Bill Russell is the president of the Lake Norman Chamber of Commerce with approximately 1,000 business members in the Cornelius, Davidson, Huntersville, and greater Lake Norman region. For more information on the Bonds visit www.VoteYesforBonds.com
Lake Norman Chamber Members and Stakeholders:
Chamber Backs Bonds
The Lake Norman Chamber of Commerce Board of Directors has voted to endorse several bond packages before North Mecklenburg voters on November 5th. The Chamber is encouraging its members to VOTE YES for the Charlotte Mecklenburg School Bonds and the Central Piedmont Community College Bonds before Mecklenburg County voters in the upcoming referendum. Chamber members who are registered voters in the Town of Cornelius are also encouraged to vote for the three municipal bonds on the ballot. These bonds will be the topic of the next Focus Friday on October 18th at the Chamber. Current CMS school board representative Rhonda Lennon (District #1) and Carrie Kester, Chair at Community of Huntersville Education Collaborative will provide more information regarding the bonds. Read more about the Bonds and the Chamber's position here.
Forums held in Davidson and Huntersville give voters a chance to meet the candidates
The Chamber will host a candidate forum in Davidson and Huntersville next week. A forum was held in Cornelius October 1st. The two-hour forum will be held at the respective town halls. The forum for Davidson is Tuesday, October 15th and Huntersville, Thursday Oct 17th. All forums are 7:00 – 9:00 pm. The events are moderated by Jerry Hancock, General Partner of Alexander Hancock Associates. Hancock is well known in Charlotte as a guest commentator on "All Things Considered," National Public Radio, and the publishing of numerous journal articles. For over 25 years he hosted programs on public television including FINAL EDITION on Channel 42, a weekly roundtable discussion of current news topics with local reporters.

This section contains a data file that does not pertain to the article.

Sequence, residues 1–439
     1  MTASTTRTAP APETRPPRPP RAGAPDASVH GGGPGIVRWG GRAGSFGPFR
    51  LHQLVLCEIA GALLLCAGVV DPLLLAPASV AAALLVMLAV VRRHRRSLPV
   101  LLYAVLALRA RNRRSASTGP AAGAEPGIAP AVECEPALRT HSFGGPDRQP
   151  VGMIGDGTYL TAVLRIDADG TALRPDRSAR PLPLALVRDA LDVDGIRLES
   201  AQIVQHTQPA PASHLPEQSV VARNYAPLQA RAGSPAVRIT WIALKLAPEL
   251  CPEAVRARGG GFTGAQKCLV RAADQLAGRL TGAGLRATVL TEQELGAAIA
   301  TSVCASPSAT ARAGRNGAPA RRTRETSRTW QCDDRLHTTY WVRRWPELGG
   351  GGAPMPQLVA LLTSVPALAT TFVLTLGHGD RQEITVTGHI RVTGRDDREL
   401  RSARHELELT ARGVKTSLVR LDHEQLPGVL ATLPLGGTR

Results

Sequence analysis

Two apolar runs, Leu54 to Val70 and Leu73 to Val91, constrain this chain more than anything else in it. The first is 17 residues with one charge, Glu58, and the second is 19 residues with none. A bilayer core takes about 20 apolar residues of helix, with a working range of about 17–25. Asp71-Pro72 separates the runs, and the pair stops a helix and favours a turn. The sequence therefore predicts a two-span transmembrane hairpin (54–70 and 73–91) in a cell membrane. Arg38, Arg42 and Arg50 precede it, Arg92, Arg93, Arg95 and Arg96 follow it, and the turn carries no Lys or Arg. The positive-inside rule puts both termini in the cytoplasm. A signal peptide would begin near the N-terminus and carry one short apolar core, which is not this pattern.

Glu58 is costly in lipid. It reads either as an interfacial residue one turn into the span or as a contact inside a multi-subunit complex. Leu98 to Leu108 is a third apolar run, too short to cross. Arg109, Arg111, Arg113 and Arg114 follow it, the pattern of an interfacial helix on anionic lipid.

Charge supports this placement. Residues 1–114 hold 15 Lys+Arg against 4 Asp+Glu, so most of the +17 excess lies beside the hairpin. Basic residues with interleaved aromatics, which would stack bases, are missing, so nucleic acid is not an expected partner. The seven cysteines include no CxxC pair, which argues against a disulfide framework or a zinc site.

The forum in Davidson is co-sponsored by Davidsonnews.net and the Huntersville Forum is co-sponsored by the Lake Norman Political Association. For more information, read about it here.
Public Safety Luncheon Salutes our First Responders
The Lake Norman Chamber of Commerce will host the eighth annual salute to North Mecklenburg Public Safety officers and volunteers at a special luncheon Thursday, October 17th at noon at the Peninsula Club (19101 Peninsula Club Drive) in Cornelius. The event, Presented by Wells Fargo Bank, is sponsored by Central Piedmont Community College – Merancas Campus and The Herald Newspaper. An officer from the Cornelius, Davidson, and the Huntersville Police Departments will be honored as well as members of the North Meck Rescue, and the local fire departments.
In addition to honoring the officers, the Guest Speaker will be Tamara Williams, the new Dean of Central Piedmont Community College – Merancas Campus. Dean Williams will touch on the role CPCC plays in training public safety officers and first responders.
Join us as we salute our first responders! RSVP by calling the Chamber at 704-892-1922 or online. The cost is $16 for Chamber members. Read more about this event here.
While the Lake Norman Chamber of Commerce is a non-partisan organization and we do not endorse candidates for elected office, we do believe in the principles of good government. We strongly encourage our members to actively engage themselves in the political debate in their local community, state, and nation. It is a shame that typically, only 13% of the electorate turn out to select elected leaders which will govern our communities and schools.
The Lake Norman Chamber encourages you to get to know the candidates running for office at all levels and vote for those who best represent your values and that of your business. We would also ask that if you are a Mecklenburg County voter, you Vote FOR the CMS and CPCC Bonds. If a Cornelius resident, Vote to SUPPORT all three Cornelius Town Bonds. These important bonds will provide the financial resources for our roads, school, and quality of life and will be critical components for our economic development efforts and the business growth of our region.
Perhaps Abraham Lincoln put it best when he said, "Elections belong to the people. It's their decision. If they decide to turn their back on the fire and burn their behinds, then they will just have to sit on their blisters."
Let's all hope looking back from the days ahead, we don't regret the community and region we could have been simply because we didn't take time to be informed and take advantage of our right to vote on election day.
W.E. "Bill" Russell, CCE, IOM
President & CEO
Lake Norman Chamber of Commerce
The following article was written exclusively for and appeared in the August 2013 issue of Business Today.